Bill Alexander: There are a lot of different types of jobs in the industry. I think typically people assume all jobs in gaming are in development. But, since there are also plenty of positions in marketing, sales, quality assurance, and many other areas, it’s possible to enter the industry through many different paths. However, as I learned, geography may be one of the biggest obstacles to overcome. There aren’t too many game companies in Ohio!

CV-Games: What was your first full project you worked on?

Bill Alexander: Tactics Ogre: Knight of Lodis for the Gameboy Advance was the first title I worked on with Atlus. There were more experienced hands involved with the project, and work on the game was more of a team effort. Our project lead, Yu Namba, had worked on previous titles in the Ogre Battle series and was a wealth of knowledge regarding that universe.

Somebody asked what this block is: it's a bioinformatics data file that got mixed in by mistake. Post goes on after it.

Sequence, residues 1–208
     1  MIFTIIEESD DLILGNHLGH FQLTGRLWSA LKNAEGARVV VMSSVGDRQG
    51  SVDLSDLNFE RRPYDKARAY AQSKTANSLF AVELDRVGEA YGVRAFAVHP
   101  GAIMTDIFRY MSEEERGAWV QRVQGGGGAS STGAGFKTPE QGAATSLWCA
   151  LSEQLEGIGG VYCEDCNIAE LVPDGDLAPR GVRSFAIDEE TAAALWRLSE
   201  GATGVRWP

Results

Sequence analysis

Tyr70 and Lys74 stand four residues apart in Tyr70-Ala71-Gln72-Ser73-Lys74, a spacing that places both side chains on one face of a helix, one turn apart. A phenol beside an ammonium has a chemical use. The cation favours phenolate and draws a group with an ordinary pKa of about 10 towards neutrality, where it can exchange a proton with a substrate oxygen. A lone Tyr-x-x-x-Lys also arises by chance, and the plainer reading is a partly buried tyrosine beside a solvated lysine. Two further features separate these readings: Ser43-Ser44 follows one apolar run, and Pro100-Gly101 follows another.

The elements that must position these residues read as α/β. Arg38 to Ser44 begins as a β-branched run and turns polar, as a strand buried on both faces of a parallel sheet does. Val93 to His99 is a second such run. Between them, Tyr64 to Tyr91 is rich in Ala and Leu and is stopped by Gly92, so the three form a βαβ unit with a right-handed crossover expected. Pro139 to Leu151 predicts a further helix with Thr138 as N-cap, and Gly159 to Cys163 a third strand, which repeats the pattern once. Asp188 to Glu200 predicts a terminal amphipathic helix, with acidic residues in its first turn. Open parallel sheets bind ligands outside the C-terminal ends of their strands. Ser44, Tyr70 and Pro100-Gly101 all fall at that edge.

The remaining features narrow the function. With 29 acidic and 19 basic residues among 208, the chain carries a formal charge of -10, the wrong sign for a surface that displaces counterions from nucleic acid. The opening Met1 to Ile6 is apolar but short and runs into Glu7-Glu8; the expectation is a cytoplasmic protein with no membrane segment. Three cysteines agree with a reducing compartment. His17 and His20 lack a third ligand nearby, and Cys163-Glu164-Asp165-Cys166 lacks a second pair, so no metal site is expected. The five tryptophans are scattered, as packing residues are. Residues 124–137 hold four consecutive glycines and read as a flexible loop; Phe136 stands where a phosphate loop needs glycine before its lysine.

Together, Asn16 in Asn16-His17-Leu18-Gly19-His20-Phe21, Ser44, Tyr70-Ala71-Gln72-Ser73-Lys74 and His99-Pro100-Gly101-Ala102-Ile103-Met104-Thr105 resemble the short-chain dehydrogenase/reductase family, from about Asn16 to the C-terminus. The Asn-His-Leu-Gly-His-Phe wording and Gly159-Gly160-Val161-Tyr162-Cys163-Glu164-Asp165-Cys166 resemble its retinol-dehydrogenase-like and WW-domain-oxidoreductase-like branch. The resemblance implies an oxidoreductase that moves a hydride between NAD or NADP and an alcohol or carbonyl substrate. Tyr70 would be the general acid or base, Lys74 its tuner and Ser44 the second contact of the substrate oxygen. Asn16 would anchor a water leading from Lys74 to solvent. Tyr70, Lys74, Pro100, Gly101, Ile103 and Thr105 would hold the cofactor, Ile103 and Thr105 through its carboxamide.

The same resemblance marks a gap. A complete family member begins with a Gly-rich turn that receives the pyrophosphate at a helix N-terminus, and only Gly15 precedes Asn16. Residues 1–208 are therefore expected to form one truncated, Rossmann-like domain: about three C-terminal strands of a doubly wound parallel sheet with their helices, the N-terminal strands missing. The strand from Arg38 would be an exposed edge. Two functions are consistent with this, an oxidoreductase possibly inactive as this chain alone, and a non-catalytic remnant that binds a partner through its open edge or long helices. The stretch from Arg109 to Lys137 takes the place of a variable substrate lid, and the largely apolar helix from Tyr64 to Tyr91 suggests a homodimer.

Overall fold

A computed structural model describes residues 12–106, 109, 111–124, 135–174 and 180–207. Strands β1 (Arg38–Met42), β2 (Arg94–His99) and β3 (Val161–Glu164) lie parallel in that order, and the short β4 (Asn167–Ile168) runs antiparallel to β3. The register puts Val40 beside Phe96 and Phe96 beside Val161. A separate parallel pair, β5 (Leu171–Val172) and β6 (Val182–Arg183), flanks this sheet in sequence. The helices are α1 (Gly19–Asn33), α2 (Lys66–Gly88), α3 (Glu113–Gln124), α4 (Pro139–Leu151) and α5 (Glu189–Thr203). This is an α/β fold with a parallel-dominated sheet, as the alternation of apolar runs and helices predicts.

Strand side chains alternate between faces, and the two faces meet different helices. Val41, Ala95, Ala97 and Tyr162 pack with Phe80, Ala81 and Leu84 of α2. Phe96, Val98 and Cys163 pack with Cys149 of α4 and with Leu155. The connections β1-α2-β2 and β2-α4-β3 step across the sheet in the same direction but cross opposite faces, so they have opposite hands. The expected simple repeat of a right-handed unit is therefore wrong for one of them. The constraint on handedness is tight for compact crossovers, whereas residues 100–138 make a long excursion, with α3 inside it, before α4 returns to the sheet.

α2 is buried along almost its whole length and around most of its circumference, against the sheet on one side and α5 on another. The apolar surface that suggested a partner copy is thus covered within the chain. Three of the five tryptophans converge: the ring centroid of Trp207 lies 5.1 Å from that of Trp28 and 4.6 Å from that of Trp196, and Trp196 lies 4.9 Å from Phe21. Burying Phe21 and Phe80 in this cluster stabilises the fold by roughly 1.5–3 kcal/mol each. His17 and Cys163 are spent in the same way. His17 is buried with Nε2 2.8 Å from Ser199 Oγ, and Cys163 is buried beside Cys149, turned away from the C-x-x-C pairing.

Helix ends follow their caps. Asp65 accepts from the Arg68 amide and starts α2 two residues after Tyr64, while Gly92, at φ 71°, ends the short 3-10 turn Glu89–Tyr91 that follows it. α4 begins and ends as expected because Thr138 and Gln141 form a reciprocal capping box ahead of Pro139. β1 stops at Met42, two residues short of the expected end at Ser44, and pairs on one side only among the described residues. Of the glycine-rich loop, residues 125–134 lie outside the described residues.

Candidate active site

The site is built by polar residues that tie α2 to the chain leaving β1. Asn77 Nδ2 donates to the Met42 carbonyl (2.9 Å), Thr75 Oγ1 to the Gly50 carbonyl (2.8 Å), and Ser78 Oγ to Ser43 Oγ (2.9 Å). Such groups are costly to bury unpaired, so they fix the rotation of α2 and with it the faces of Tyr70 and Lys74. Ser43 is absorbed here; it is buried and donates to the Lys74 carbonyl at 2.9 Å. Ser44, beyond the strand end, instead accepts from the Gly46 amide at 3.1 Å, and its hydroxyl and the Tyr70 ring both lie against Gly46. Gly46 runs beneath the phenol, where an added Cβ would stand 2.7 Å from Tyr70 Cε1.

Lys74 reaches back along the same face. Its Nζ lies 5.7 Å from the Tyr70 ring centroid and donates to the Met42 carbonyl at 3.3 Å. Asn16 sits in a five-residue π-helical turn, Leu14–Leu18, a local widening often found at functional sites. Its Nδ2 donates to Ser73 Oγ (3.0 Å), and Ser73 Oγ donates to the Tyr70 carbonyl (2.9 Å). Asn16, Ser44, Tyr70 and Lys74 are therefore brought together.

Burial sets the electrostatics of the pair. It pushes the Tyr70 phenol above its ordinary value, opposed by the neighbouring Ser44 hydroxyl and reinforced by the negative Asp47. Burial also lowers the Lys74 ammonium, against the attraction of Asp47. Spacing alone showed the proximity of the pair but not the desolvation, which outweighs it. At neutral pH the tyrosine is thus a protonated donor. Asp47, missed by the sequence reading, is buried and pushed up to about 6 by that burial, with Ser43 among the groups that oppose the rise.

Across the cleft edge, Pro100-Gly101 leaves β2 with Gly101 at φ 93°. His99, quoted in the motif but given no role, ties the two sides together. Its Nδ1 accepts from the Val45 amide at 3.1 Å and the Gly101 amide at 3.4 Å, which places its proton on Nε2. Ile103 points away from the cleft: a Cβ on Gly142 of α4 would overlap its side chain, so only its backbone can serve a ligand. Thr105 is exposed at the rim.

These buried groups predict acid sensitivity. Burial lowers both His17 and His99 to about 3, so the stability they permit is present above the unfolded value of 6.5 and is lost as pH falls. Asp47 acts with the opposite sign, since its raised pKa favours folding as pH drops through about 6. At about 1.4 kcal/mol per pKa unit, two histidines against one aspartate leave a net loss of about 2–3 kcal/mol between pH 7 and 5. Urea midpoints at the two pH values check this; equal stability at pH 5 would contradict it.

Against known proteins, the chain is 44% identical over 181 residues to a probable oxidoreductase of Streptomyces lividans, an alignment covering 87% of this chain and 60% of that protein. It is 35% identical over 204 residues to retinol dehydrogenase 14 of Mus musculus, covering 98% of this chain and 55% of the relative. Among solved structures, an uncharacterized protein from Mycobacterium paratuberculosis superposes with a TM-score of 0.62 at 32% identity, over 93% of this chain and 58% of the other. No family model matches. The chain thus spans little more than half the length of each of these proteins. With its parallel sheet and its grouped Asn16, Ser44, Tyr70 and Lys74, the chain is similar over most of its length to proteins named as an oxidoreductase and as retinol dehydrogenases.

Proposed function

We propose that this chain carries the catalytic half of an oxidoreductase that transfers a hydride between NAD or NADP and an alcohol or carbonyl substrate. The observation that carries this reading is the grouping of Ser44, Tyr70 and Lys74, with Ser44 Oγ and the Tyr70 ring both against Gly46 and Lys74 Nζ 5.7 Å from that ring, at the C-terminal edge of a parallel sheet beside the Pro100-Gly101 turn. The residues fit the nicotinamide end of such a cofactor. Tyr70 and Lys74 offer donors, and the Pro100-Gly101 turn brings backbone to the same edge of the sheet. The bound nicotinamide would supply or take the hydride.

CV-Games: So SkyGunner is your second full project?

Bill Alexander: Yes, SkyGunner is my second full project. Atlus does not typically release a large number of titles simultaneously, the aforementioned titles (Wizardry, Tsugunai, and Hoshigami) being somewhat of an exception. We generally shop around for quality games that catch the attention of our staff members and which we are excited to bring to the US market. SkyGunner clearly was the type of game we were happy to put our name on.

CV-Games: Specifically, what is your title on the SkyGunner project?